McDonald’s targets mothers
The only obstacle between kids and their French fries: Mom.
So here is Debra DeMuth, McDonald’s global nutrition director, mounting a spirited defense of fries to five mothers of young children at a McDonald’s in Baltimore.
“They are probably one of the most victimized foods,” DeMuth says.
Plausible reason: A medium order at McDonald’s, besides the delectable taste, includes 380 calories, 270 milligrams of sodium and a color preservative called sodium acid pyrophosphate. But DeMuth presses her case, pointing out that fries are rich in potassium, adding, “They are also a really good source of fiber.”
One mother replies, “Once you throw them in grease, you kind of ruin it.”
Another says, “Potassium is good in bananas.”
This is the tricky dialogue that results when the world’s largest fast-food chain extols the quality of its food to a group of people -- busy mothers -- who often need food fast but don’t necessarily trust fast food, especially with worries over obesity sweeping the nation.
But McDonald’s thinks it has a positive case to make and has recruited mothers to have a look behind the scenes of the company’s operations, meet senior executives and then communicate what they see via the Web, along with video of their travels.
Through its Quality Correspondents program, McDonald’s hopes to win over mothers by showcasing food quality (the eggs in Egg McMuffins are real) and highlighting healthful options, thereby brightening its image at a crucial time in the arc of the fast-food industry. Customers, bombarded with news about food recalls, are paying more attention to safety, quality and ingredients -- but still want a quick lunch.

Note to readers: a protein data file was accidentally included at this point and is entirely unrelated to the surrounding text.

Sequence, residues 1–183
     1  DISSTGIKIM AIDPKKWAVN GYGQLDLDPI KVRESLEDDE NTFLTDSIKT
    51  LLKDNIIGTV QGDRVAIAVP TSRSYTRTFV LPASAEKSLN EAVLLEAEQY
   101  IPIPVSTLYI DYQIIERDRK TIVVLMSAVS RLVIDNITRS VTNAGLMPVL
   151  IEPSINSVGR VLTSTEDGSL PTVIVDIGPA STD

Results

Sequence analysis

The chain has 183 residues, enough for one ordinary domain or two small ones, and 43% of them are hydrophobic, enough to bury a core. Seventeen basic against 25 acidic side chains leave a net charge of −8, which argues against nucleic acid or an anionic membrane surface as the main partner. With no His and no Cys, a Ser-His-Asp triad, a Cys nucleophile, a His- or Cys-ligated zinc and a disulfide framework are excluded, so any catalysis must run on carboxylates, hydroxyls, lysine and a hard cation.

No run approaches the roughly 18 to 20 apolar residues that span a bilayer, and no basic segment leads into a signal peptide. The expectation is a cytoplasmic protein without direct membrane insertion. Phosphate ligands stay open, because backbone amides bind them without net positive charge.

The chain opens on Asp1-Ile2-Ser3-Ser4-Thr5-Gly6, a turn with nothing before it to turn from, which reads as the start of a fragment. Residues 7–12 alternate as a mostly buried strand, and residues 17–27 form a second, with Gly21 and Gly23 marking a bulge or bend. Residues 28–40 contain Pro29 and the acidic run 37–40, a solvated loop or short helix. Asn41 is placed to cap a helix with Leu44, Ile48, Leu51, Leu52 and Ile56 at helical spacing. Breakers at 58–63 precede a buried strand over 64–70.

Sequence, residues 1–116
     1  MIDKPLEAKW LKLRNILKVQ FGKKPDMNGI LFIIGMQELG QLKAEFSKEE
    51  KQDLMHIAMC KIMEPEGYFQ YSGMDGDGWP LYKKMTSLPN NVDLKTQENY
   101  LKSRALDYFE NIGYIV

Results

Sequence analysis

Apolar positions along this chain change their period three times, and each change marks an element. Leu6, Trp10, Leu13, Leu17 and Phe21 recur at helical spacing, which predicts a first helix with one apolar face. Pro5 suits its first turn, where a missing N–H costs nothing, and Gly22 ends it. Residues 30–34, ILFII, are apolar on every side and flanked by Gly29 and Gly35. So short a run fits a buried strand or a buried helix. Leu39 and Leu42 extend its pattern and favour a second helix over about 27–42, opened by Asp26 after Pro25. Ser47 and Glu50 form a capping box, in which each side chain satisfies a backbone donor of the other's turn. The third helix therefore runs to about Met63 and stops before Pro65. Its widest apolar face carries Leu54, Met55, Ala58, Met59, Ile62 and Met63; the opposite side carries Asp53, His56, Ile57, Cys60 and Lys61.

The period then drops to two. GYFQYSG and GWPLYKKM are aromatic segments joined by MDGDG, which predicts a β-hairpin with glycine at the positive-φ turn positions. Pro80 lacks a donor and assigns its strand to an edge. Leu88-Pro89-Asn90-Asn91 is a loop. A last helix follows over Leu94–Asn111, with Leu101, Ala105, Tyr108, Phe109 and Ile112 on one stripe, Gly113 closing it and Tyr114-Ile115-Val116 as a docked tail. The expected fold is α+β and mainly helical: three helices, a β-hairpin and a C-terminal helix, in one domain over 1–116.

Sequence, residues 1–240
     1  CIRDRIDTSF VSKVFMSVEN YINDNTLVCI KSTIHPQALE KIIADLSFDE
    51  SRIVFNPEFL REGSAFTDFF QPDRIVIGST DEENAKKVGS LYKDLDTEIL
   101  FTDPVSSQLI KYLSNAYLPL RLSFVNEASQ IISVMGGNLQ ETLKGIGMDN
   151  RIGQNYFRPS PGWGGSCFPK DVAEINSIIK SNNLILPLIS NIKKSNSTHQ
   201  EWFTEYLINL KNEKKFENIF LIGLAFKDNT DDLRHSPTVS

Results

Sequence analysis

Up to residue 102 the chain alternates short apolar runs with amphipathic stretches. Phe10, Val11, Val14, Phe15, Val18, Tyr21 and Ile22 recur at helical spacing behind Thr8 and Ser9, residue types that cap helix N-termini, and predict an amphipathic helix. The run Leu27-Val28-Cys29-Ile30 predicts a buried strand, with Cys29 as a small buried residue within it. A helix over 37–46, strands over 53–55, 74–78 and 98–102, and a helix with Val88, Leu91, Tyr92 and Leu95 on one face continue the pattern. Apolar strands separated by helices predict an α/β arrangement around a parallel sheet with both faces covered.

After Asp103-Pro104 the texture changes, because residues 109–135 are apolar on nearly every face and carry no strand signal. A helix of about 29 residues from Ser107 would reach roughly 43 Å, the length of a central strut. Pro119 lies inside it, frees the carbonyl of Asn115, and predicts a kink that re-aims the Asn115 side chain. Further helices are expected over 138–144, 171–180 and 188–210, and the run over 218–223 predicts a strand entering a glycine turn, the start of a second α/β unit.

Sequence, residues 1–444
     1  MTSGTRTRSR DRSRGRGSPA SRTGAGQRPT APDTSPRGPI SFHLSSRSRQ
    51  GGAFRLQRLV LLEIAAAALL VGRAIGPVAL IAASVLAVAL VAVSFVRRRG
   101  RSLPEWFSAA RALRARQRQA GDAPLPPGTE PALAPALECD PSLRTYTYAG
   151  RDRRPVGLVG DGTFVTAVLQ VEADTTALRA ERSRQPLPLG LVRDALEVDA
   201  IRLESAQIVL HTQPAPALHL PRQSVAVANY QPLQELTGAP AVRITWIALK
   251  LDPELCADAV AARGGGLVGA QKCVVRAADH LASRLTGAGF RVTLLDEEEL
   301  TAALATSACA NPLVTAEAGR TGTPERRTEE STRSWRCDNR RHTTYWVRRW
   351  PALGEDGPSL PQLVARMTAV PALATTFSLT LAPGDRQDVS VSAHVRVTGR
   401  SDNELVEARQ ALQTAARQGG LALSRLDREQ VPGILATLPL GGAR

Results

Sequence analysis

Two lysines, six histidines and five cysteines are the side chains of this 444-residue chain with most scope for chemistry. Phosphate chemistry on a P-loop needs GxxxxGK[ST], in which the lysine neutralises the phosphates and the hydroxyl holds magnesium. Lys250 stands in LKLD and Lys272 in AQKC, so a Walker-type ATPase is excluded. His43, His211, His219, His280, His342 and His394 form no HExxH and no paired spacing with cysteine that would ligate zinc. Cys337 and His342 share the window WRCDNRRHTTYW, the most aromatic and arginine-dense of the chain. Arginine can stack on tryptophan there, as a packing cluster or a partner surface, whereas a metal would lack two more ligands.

The message takes on heightened importance now, as cash-strapped parents mentally debate over whether a McDonald’s meal can take the place of higher-priced options.
“McDonald’s has a problem,” said New York University nutritionist Marion Nestle, author of “What to Eat.” “They’re big, so they are an easy target. They sell junk food and they market it to kids at a time when public obesity is a major public concern. So what are they going to do? Turn into a health-food company? I don’t think they can do that. Somebody must have figured out that what they need is good PR on transparency. Those mothers are willing to be used for that purpose.”
One of the mothers, Veronica Gilmore of Edinburg, Va., said no one tried to tell her what to say. “We’ve been told to tell our perspective on things,” she said. “That’s all we can ask for.”
McDonald’s executives are betting that if they can shatter myths about the company’s food -- a chicken slaughterhouse visit shows the animals being handled humanely while also proving that Chicken McNuggets are real -- and display an obsessiveness with food safety and quality to a select group of mothers, the message will trickle through society.
Jerry Swerling, director of USC’s Strategic Public Relations Center, said McDonald’s was attempting to capitalize on a significant shift in consumers’ beliefs about which information sources to trust.
“When people are asked to define who they trust and who they believe, the answer is people like themselves, not journalists and not academics,” Swerling said.
A recent Edelman study showed most Americans think “a person like me” is the most credible source for company information. “Word of mouth is not just a different kind of messenger,” the study said. “It’s a fundamental change in the traditional value system of information.”
The Internet offers a fast word-of-mouth tool, and McDonald’s is featuring the mothers with diaries and video on its website.